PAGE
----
HC Deb 21 April 1826 vol 15 cc544-58

Mr. Goulburn moved the order of the day for the House resolving itself into a committee on the Irish Church Rates' bill. On the question, that the Speaker do now leave the chair,

Mr. Spring Rice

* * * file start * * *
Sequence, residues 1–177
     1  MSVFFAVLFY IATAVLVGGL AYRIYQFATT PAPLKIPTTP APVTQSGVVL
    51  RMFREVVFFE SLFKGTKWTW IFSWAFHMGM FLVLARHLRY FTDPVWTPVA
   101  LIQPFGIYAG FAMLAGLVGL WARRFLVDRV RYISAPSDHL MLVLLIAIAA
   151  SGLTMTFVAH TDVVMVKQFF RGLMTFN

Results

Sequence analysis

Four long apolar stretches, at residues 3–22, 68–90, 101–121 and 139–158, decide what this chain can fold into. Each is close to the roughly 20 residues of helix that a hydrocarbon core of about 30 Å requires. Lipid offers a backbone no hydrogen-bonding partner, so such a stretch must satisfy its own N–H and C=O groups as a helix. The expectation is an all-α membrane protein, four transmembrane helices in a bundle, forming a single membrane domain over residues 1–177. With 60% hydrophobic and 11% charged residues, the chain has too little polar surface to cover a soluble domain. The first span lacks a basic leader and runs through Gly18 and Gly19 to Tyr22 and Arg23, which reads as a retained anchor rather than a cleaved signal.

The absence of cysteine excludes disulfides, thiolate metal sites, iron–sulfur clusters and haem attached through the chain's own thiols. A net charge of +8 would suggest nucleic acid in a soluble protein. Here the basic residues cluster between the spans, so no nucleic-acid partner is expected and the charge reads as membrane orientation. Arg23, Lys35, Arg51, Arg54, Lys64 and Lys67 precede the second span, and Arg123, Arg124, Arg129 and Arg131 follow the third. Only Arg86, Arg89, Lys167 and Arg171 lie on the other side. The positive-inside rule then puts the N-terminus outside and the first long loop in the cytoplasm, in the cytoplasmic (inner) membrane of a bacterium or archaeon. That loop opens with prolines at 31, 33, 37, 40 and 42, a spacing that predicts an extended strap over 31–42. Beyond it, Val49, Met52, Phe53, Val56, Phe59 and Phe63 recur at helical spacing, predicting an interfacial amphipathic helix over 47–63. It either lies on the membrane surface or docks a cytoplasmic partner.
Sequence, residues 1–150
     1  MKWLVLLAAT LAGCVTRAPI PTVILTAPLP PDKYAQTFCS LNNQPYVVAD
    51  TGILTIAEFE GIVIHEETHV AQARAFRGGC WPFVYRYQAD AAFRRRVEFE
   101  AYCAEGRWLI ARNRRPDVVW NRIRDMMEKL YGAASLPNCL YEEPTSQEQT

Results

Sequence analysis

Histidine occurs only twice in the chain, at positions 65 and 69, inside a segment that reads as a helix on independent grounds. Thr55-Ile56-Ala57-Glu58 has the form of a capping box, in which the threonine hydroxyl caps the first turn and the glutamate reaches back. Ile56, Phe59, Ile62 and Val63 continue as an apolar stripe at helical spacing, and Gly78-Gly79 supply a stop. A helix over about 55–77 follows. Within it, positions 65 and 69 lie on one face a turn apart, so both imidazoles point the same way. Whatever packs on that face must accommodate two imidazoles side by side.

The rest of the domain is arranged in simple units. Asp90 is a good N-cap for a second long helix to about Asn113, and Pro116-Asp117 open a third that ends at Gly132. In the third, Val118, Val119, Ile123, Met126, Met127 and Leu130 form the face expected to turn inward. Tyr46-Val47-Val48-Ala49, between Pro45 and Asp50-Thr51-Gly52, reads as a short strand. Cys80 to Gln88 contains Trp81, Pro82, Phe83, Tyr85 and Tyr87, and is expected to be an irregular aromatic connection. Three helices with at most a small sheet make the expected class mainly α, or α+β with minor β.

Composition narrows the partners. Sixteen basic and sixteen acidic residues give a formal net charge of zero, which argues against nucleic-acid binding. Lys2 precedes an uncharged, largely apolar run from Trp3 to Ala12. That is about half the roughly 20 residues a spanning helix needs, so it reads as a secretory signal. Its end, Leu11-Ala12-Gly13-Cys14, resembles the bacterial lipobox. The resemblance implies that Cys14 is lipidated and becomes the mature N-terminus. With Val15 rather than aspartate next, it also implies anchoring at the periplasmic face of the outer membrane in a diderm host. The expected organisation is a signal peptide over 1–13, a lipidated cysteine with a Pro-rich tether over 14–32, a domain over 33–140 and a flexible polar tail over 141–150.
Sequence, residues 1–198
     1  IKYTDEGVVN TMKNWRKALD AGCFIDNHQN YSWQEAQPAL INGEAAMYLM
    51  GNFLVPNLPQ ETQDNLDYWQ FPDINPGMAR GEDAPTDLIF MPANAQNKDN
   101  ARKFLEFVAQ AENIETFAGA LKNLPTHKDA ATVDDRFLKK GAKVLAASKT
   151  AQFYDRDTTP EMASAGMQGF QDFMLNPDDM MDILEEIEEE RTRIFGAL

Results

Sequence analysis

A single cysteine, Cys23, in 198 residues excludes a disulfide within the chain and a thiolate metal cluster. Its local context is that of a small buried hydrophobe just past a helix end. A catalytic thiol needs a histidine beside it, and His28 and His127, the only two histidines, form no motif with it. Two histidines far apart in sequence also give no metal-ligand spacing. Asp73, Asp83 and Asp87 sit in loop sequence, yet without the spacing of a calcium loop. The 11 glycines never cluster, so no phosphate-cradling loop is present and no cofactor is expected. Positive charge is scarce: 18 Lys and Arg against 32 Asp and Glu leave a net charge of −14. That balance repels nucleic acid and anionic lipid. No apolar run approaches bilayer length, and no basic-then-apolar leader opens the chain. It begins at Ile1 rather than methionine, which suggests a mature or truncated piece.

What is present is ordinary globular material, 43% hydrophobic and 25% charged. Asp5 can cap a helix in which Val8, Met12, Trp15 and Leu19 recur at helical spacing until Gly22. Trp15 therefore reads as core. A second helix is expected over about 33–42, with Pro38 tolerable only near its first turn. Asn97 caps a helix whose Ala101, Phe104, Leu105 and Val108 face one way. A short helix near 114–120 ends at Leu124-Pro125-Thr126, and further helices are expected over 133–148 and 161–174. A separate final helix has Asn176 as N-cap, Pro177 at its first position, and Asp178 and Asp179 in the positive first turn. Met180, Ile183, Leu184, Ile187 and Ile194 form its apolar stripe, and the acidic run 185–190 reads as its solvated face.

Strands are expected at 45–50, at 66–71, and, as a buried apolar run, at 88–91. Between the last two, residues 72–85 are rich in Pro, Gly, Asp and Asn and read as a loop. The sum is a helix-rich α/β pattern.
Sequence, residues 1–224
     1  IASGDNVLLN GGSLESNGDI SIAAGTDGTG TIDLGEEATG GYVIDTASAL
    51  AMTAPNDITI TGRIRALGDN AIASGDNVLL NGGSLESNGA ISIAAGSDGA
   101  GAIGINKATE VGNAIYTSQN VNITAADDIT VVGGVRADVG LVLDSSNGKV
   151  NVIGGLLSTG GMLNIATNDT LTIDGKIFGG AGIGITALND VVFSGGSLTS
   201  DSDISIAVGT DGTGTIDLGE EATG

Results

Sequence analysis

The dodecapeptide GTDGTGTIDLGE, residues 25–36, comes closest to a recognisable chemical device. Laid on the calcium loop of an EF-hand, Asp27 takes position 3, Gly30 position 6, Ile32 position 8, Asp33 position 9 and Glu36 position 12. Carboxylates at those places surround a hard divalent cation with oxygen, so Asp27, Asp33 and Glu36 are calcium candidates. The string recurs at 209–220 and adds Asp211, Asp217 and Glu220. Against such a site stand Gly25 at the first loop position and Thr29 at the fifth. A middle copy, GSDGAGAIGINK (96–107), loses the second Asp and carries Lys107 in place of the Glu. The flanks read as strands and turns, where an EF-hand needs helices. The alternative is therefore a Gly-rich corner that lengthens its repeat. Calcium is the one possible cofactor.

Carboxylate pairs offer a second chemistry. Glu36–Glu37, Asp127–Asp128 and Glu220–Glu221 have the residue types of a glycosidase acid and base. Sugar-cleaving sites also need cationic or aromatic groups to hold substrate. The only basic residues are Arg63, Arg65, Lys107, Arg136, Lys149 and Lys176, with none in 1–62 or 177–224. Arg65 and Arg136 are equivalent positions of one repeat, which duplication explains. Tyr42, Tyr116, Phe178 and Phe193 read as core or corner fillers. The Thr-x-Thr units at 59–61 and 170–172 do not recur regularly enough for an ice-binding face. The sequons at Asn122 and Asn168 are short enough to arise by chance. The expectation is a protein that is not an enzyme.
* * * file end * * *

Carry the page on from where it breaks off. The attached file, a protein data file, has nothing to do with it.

said, that, before he submitted the motion of which he had given notice, he was anxious to remove some misconceptions which prevailed as to the true nature of the object he had in view. It was erroneously conceived by some persons, that he proposed to make it imperative on vestries to assess the respective parishes for the expenses of building Roman Catholic chapels; such was not the case. It was also stated that he wished to make some new and daring alteration.—Both suppositions were untrue. In fact, he proposed no novelty, but rather to legalize a practice which had, in some instances, been already resorted to. The proceedings in vestries had generally been of a very loose description; some of the items, as detailed in the parochial returns presented to the House were not only unwarranted by law, but in direct violation of legislative enactment; whilst others were of a very ludicrous description. In one case, a charge had been made on the parish for the expense of a suit of robes for a favourite rector, who had received preferment, and it was deemed fitting to present him with robes suitable to his doctor's degree, and this at the expense of the parish. If he understood rightly the object of the right hon. gentleman (Mr. Goulburn) in introducing the bill now before the House, it was to introduce a legal mode of proceeding in vestries, and to prevent them from raising money not strictly warranted by law. Now it so happened, that hitherto, although many improper assessments had been made, there were others, which, though not strictly legal, were still justified by good fellowship and christian feel- and in no country more than in Ireland was it desirable that such a feeling should be encouraged. Of this class were the sums voted for enlarging and repairing Catholic and Presbyterian places of worship. If the bill of the right hon. gentleman passed without the introduction of some such clause as he intended to propose it would be quite out of the power of vestries to repeat in future such praise-worthy conduct. The House should bear in mind that the vestries in Ireland were composed exclusively of Protestants. The inheritors of the soil were also, to a great extent, Protestants; whilst the payers of the church-rates were nearly all Roman Catholics. At these vestries large sums were voted for the erection and repairs of the Protestant churches; and it often happened that the first intimation which the Catholic received of these assessments was from the tax collector. He trusted the House would not be lightly induced, by agreeing to the bill in its present state, to put an end to the system which had so long prevailed, and in consequence of which, in instances too numerous to be specified, the Protestant vestries of that country had come to the aid of their Roman Catholic brethren. He would not detain the House by reading from a list which he held in his hand many of those instances: they were in the knowledge of all who were acquainted with that country. Several of them had occurred in parishes which were under the immediate superintendence of the Protestant bishops; a circumstance highly to the praise of the Protestant hierarchy, as exhibiting their enlarged and benevolent views. There was one peculiar instance, however, to which he particularly wished to call the attention of the House, because it put the whole case in so clear and palpable a light, that it tended to support his proposition better than any argument which he could advance for that purpose. It appeared that, in a parish in the diocese of Dromore, the sum of 130l. had been voted at the Protestant vestry, without a dissenting voice, for the repair of the meeting-house and chapel, which was stated to be "as a return for the liberality that had been evinced by the Roman Catholic parishioners towards the Protestant church." If the House felt that such an act, so performed, was calculated to do great good, by conciliating the great mass of the people, he trusted they would not hesitate to agree to a clause which went, not to introduce any novelty, but simply to continue a practice which had long been in existence, and from which nothing but good could follow. He could not conceive that any one could be adverse to the encouragement of religious instruction and worship in Ireland. He certainly wished that the condition of society in Ireland were such, that there might be but one description of place of worship, and one ritual for the whole community; but as that was not the case, he maintained that the State had a deep interest in the religious instruction of all the various classes of which the existing community was actually composed. Closely connected as that instruction was with the morals, with the political relations, and with the well-being of society, he could scarcely believe that that House would refuse to accede to any proposition by which its blessings might be diffused. To those who had seen Ireland—who, like himself, had seen the numerous Protestant places of worship in that country, raised at great expense, and frequently for the benefit of a very few only, and the adjoining miserable and wretched hovel, incapable of containing a tenth part of the Catholic population of the parish, the far greater part of whom were consequently compelled to kneel and perform their devotions on the outside, exposed to all the inclemencies of the weather,—to those who had witnessed such scenes, it could hardly be necessary for him to urge the expediency of not putting an end to a system by which the evil was in many cases materially diminished. The proposition which he was about to take the liberty of making, was merely to continue to the Protestant vestries of Ireland the means which they had hitherto possessed of exercising their bounty, liberality, and benevolence towards their Catholic brethren. It introduced no novelty—it gave no right. If, however, the clause that he was about to propose, should be rejected, he gave notice, that in the progress of the bill he should move another clause, providing that the amount of church-rates should be thrown, as tithes were thrown by the Tithe-bill, as a charge on the lessor of the land. The hon. gentleman concluded by moving, "that it be an instruction to the committee to receive a clause empowering the Protestant parishioners, in vestry assembled, to assess their respective parishes in certain limited sums towards the building, enlarging, and re- pairing Presbyterian meeting-houses and Roman Catholic chapels."